Unwanted Handbills and Newspapers

Example of No Handbill sign for front doorNewspapers on your sidewalk or handbills attached to your property can be a nuisance leading to neighborhood litter and sidewalk trash. There are city codes in place to help prevent the problem of unsolicited pamphlets and unwanted newspapers.

Handbills on Private Premises
A 'handbill' can be any type of pamphlet, booklet, card, or any other kind of printed literature, such as a menu or advertisement for services. If residents do not want handbills on their premises and take the proper steps to stop them, then the delivery of handbills is prohibited. Any person who violates the provisions of the Handbill Ordinance can be fined up to $250. Please note, the law applies to handbills, and not the delivery of newspapers.  To report problems call 311 or fill out an online service request

How to stop deliveries of handbills
To stop delivery of unwanted handbills, you must post a sign that reads: "No Handbills". The notice must be at least eight square inches and be posted in a conspicuous area. Sample pdf.  If a sign is posted, it is illegal to distribute handbills anywhere on your property, including your porch, yard, steps, hallway, or mailbox.



If you would like to suspend or stop delivery of the Examiner, go to the Examiner's Stop Delivery Page, call (866) 733-7323 or email circulation@sfexaminer.com

You may also contact other newspapers directly to request that they suspend delivery to your home.

To report problems call 311 or fill out a 311 online service request.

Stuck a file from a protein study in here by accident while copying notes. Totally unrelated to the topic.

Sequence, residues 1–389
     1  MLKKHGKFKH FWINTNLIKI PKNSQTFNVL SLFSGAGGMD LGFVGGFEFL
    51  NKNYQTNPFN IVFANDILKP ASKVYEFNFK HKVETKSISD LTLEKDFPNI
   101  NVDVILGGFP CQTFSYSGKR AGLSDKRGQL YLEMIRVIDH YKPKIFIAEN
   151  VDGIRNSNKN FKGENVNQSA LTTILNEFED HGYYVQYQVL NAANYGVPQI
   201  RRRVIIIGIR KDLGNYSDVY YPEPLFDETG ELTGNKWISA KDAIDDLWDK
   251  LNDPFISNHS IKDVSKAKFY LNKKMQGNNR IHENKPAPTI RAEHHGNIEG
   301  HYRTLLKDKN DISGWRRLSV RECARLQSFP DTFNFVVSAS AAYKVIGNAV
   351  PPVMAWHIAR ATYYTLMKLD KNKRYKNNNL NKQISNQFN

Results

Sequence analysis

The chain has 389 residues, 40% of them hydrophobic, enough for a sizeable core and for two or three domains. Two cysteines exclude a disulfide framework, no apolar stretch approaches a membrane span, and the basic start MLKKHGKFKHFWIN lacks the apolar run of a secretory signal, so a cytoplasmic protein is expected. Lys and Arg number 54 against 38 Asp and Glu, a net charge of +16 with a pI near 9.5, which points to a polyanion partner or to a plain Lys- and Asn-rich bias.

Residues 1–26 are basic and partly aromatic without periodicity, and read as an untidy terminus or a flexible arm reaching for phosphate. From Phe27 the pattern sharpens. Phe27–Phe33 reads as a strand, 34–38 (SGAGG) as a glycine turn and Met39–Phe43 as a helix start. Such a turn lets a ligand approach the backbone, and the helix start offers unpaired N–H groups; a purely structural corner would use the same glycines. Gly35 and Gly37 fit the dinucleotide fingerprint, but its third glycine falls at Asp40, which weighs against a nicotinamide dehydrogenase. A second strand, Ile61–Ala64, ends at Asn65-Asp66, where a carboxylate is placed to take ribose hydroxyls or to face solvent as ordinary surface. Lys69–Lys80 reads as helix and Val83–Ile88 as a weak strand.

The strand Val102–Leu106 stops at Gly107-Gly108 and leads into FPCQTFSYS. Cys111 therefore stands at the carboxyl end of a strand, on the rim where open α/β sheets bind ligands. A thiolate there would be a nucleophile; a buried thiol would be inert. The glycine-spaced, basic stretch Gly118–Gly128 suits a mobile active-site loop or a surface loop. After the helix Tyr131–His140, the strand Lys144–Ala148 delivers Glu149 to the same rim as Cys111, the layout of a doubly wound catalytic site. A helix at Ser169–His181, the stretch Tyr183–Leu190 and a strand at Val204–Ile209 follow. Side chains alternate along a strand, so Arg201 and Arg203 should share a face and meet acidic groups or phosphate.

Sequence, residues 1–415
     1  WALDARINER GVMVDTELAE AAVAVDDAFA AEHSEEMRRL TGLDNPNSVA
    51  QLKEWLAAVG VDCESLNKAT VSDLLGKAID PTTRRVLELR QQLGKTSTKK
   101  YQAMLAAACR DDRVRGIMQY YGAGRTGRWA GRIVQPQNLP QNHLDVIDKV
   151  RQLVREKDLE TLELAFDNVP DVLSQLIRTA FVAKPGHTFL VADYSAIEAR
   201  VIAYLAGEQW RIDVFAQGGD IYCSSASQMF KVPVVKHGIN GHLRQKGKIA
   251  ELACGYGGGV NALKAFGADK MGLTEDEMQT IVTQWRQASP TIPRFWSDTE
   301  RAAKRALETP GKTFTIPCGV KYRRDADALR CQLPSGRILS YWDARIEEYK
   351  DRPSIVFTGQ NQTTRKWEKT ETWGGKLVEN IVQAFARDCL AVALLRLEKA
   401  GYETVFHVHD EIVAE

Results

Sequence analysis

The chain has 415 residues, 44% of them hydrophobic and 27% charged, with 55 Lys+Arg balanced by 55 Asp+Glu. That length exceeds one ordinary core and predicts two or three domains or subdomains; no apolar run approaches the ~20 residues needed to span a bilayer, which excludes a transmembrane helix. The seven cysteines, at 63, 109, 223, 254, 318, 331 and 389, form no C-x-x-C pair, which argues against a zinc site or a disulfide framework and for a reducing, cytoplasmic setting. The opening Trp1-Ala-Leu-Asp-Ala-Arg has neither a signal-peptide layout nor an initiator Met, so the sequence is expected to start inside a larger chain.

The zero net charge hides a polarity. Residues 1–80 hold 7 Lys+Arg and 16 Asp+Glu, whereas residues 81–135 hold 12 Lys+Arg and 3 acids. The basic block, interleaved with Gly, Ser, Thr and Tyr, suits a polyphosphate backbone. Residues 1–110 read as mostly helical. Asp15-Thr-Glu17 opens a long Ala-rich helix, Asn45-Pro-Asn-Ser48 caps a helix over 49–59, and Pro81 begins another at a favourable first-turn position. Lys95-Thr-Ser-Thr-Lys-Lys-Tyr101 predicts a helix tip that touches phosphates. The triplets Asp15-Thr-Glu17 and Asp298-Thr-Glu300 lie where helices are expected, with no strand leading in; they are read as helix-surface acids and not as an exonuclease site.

Public Nuisances: Litter and the Police Codes
The City's Police Code outlines the regulations against littering in San Francisco. Article 1, Sections 33 and 34. It is illegal to throw or sweep trash onto sidewalks, streets and curbs. This includes paper, cards, newspapers, dirt or any debris. It is also illegal to sweep litter from the sidewalk into the curb or street. Property owners are legally responsible for keeping their sidewalks clean.

Posting signs
Members of the public may post information on public property if the postings follow the rules and regulations outlined within Article 5.6 of the Public Works Code. Signs are allowed on City poles as defined by the code, and postings are prohibited on traffic poles, buildings, MUNI shelters, traffic control boxes, and other public property prohibited by the code. The regulation was adopted to ensure postings do not contribute to visual pollution or urban blight. Read more about posting signs.

Stop Junk Mail
Learn more about stopping junk mail from being delivered to your address. It's good to recycle junk mail. It's even better to stop getting it. Read about SF Environment's campaign to stop junk mail.